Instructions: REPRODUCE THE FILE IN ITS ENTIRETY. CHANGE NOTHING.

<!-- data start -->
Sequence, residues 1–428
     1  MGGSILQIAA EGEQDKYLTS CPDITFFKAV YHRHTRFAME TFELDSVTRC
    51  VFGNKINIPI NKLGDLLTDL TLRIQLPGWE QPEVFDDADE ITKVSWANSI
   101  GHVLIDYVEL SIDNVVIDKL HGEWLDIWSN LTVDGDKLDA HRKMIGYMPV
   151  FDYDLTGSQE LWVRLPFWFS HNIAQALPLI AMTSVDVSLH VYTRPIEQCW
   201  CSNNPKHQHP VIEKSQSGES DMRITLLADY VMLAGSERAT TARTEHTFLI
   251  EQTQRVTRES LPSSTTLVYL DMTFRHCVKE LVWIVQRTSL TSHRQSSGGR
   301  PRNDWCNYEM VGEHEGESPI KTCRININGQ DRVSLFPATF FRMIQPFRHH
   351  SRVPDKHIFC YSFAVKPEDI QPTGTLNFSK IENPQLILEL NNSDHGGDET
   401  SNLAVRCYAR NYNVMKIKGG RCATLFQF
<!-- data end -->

Sequence, residues 1–428
     1  MGGSILQIAA EGEQDKYLTS CPDITFFKAV YHRHTRFAME TFELDSVTRC
    51  VFGNKINIPI NKLGDLLTDL TLRIQLPGWE QPEVFDDADE ITKVSWANSI
   101  GHVLIDYVEL SIDNVVIDKL HGEWLDIWSN LTVDGDKLDA HRKMIGYMPV
   151  FDYDLTGSQE LWVRLPFWFS HNIAQALPLI AMTSVDVSLH VYTRPIEQCW
   201  CSNNPKHQHP VIEKSQSGES DMRITLLADY VMLAGSERAT TARTEHTFLI
   251  EQTQRVTRES LPSSTTLVYL DMTFRHCVKE LVWIVQRTSL TSHRQSSGGR
   301  PRNDWCNYEM VGEHEGESPI KTCRININGQ DRVSLFPATF FRMIQPFRHH
   351  SRVPDKHIFC YSFAVKPEDI QPTGTLNFSK IENPQLILEL NNSDHGGDET
   401  SNLAVRCYAR NYNVMKIKGG RCATLFQF